The Danish government is proposing that foreigners and people with immigrant backgrounds work 37 hours a week in exchange for welfare benefits.
The Danish government presented a proposal Tuesday to get foreigners and people with immigrant backgrounds to work 37 hours a week in exchange for welfare benefits.
The proposal by the minority Social Democratic government said “there are still too many people, especially with non-Western backgrounds, who do not have a job to get up to” in the morning. It claimed that many women of foreign descent remain outside the labour market, especially those with roots in the Mideast, North Africa, Afghanistan, Pakistan and Turkey.
“If you come to Denmark, you have to work and support yourself and your family," the proposal said. “If one cannot support oneself, one must have a duty to participate and contribute what is equivalent to a regular working week to receive the full welfare benefit.”
The programme will start with those who have some Danish proficiency and skills training will be done by local municipalities.
No date has yet been set for the 179-seat parliament to vote on the proposal. Although the Social Democrats do not have a majority, they would likely get support from centre-right lawmakers to pass it.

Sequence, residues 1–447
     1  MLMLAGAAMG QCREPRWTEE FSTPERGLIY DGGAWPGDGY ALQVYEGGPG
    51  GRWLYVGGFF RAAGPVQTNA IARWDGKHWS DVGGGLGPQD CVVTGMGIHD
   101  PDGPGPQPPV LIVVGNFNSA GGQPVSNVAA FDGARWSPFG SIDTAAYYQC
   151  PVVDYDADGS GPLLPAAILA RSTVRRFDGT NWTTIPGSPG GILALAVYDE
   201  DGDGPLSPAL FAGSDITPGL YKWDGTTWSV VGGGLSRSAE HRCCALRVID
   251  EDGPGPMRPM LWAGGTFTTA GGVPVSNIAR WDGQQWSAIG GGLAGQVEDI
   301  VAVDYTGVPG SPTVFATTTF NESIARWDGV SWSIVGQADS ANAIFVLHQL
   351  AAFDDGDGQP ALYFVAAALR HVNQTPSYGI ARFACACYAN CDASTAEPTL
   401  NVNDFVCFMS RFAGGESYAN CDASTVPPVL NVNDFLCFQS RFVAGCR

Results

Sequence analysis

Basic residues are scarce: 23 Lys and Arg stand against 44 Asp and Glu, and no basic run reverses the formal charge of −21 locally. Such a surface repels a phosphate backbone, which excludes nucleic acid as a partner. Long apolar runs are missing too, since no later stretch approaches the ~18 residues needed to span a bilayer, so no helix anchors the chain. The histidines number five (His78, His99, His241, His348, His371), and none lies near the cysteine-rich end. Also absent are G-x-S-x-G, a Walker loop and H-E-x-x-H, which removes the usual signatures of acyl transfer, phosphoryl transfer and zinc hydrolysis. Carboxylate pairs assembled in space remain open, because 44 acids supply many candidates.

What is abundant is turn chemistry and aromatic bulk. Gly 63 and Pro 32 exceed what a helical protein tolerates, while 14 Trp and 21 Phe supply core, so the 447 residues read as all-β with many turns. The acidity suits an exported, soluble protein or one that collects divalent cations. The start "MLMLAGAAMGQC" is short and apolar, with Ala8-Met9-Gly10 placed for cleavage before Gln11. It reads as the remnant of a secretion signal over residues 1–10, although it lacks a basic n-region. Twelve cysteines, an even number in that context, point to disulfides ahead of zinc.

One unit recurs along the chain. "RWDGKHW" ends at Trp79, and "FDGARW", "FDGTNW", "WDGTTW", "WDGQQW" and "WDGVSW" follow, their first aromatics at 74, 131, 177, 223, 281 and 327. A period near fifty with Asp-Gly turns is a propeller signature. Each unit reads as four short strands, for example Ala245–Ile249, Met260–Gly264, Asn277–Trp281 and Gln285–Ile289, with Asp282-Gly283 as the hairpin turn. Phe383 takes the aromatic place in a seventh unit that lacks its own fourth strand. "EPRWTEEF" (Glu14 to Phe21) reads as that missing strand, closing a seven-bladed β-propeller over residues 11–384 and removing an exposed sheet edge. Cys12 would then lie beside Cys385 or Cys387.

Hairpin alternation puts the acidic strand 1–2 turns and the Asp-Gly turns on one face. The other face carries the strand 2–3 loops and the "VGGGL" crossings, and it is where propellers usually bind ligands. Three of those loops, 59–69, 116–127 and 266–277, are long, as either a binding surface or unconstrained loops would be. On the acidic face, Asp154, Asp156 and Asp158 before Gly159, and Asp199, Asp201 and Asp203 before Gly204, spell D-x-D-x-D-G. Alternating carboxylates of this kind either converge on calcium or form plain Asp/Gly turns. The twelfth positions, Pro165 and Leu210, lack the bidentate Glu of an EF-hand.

Mai Villadsen, a lawmaker with the opposition Red-Green Alliance, called the idea “foolish.” She argued that it could lead to downward pressure on the wages of other workers.
“The foundation of our welfare society is a strong safety net,” Villadsen wrote on Twitter.
Mirka Mozer, head of a Copenhagen-based organisation that helps immigrant women get jobs, said to her, the plan didn’t sound ambitious enough.
“We have lots of women who are willing to take jobs, including jobs that are 37 hours (per week), but there needs to be more 37-hour jobs,” Mozar told The Associated Press.
In 2018, her group, the Immigrant Women’s Center registered almost 13,000 people from 57 different nations. Mozer said it has contacts with dozens of companies that offer jobs to immigrant women, but most were only 4-to-10 hours per week.
“Some certainly fear that their (welfare) benefits will be reduced because they can’t get a 37-hour job,” she said.
Immigrants and their descendants represent 14.1% of Denmark’s nearly 6 million people. The largest groups are from Turkey, Syria and Iraq.